... The researchers had assumed that neutrinos and antineutrinos would oscillate the same way... Either the Los Alamos results were wrong, or they must be explained without the sterile neutrinos...

Solutions to the dilemma that don't rest on sterile neutrinos range from a new and unforeseen difference in the behavior of matter and antimatter to the existence of additional dimensions of space.

[As many of you have discovered from reading Behind Light's Illusion, neutrinos and antineutrinos are something entirely different from the fantasies proposed by particle physicists.   Their real nature pre-supposes the difficulties that would be caused by assuming them to be particles, while the rest of us can only laugh at those who fail to even look at the truth.]

The mystery of the missing mass

In Volume 171, Number 5, February 3, 2007, of Science News, is a small story called The mystery of the missing mass.   It describes how the mass of so-called particles in the nuclei of atoms is less than the mass of such entities in "free" space.   This is not exactly news in itself because this lack of mass has been attributed to "binding energy" by theoretical physicists in the past.   It is the new method of measuring this mass loss that is news.   Those familiar with the little books of the series, Behind Light's Illusion (nether theory) know why there is a mass loss and why this loss must exist.

According to the story, Hideto En'yo and his colleagues in Tsukuba, Japan, found that decaying phi mesons within a nucleus showed 3.4% less mass than those decaying outside a nucleus.

A New Spin

In Volume 171, Number 1, January 6, 2007, of Science News, is a two-page article by Ron Cowen called A New Spin.   It describes how the rotation of black holes, as Einstein predicted, drags space-time in a circular path along with it.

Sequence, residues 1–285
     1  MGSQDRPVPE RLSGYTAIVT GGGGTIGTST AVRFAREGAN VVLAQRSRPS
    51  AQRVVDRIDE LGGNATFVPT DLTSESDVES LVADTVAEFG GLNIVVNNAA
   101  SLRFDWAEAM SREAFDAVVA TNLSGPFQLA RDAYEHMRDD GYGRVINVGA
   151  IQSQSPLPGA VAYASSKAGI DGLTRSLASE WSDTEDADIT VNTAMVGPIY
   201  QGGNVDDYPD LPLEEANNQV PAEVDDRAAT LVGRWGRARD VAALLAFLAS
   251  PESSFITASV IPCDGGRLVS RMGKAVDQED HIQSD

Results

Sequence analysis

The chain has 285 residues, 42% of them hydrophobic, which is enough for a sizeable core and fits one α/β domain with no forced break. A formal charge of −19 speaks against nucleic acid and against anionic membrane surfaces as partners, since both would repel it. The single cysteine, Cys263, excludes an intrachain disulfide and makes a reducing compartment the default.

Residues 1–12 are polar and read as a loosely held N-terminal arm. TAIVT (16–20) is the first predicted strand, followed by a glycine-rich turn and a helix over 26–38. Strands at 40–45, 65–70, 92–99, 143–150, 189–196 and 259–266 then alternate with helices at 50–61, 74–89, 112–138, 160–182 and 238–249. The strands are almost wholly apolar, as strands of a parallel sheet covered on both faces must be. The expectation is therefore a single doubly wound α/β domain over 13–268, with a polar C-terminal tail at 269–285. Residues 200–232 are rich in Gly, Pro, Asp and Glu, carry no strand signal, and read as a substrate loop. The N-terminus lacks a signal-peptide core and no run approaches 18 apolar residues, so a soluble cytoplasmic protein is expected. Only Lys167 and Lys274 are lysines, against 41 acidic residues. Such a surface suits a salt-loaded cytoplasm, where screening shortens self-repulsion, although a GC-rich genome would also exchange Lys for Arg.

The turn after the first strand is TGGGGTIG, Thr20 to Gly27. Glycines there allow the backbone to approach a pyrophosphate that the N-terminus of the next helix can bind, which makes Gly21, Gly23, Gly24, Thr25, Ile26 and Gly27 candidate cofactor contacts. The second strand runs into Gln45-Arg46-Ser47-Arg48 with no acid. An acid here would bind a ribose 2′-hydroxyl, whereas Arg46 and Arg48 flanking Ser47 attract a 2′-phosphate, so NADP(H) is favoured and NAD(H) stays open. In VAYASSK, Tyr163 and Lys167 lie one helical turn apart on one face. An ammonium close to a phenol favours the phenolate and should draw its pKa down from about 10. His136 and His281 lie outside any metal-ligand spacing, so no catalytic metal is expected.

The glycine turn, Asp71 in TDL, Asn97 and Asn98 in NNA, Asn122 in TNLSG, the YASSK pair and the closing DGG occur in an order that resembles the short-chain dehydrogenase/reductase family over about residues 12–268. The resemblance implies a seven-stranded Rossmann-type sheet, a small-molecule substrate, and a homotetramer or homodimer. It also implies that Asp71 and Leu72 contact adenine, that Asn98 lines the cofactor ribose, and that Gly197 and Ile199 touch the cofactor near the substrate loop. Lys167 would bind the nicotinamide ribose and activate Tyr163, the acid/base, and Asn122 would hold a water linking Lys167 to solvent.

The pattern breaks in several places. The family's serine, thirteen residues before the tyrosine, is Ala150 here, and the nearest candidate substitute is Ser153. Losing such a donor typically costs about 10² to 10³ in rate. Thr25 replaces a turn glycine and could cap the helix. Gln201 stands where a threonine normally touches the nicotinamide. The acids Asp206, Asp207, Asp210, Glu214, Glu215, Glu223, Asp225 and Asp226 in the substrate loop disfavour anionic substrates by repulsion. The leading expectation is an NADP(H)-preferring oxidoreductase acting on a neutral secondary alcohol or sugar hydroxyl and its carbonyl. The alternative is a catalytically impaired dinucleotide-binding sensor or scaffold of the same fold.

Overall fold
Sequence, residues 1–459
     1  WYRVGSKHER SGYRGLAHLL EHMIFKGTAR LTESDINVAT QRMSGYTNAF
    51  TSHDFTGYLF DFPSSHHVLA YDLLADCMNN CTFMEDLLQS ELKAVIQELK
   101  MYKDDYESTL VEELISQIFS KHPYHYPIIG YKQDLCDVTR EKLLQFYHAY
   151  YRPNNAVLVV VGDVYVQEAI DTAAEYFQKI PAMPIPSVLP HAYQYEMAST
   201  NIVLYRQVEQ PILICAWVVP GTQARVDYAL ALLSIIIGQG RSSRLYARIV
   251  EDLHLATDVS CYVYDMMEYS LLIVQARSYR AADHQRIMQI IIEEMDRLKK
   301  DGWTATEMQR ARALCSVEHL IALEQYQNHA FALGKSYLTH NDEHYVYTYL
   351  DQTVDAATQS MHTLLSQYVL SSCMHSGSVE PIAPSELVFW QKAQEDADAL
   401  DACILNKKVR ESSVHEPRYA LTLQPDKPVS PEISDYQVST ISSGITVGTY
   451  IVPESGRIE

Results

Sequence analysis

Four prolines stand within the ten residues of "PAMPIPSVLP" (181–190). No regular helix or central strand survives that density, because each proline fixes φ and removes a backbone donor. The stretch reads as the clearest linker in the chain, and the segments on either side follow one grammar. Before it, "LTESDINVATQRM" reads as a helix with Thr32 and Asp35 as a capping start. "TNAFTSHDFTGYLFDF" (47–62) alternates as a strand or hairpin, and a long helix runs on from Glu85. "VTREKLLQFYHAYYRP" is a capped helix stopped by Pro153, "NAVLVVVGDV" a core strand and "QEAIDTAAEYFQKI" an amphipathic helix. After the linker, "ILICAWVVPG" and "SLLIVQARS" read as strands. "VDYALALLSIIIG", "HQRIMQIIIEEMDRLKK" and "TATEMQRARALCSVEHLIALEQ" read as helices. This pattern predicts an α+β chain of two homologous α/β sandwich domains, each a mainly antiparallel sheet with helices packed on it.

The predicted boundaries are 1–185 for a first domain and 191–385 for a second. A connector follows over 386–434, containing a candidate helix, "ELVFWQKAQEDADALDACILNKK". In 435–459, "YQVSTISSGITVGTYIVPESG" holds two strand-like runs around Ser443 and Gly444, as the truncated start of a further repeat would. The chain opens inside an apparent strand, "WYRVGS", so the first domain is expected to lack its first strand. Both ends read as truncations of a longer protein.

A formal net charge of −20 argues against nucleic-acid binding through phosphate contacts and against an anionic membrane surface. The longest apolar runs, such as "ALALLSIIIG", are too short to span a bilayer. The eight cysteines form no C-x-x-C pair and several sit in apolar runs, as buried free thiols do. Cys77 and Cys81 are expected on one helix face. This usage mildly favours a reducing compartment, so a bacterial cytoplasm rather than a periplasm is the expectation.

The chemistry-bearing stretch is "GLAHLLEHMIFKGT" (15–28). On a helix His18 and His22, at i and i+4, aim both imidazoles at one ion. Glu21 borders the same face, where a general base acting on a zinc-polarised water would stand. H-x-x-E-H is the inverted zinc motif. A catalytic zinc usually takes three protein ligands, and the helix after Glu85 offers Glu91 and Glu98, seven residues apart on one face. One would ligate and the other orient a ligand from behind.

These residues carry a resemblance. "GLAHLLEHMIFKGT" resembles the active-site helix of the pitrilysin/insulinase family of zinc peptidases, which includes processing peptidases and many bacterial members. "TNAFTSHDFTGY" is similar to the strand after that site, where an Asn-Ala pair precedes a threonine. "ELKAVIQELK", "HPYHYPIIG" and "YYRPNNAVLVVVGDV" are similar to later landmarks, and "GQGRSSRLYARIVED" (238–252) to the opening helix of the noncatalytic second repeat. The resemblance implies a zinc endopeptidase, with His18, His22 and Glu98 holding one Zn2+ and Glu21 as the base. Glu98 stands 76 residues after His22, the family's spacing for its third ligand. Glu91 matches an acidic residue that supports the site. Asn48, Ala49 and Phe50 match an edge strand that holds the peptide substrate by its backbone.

This is logical according to nether theory when one realizes that it is space rather than space-time that is rotating with the black hole as it is being sucked in.   This effect is not noticed on earth where the maximum rate of linear rotation of about 1,000 miles per hour at the equator is very slight when compared to the rate of about 25,000 miles per hour of the nether inflow.   When one considers the average rate of earth rotation being much lower than the maximum, this is even more apparent.   At the poles, there is no apparent linear rotation, and in the deeper recesses where matter is more dense, the linear rotation is only a fraction of that found at the surface.

Black holes are very dense and their angular rotation exceeds that of quasars, so it is quite logical that nether (dynamic ether) being "sucked" into the black hole would have an obvious sideward vector that could be seen with the rotation of the accretion disc - which will be moving much more slowly than the actual rotation rate of the black hole.

Peer Review Under the Microscope

In Volume 170, Number 25, December 16, 2006, of Science News, is a two-page article by Christen Brownlee called Peer Review Under the Microscope.   It describes an attempt by the journal known as Nature to gain some insight into the peer review process.

According to the article, the peer review process is usually as follows.
1.   A submission is reviewed by a group of editors on the journal's staff who decide the submission's suitability for the journal.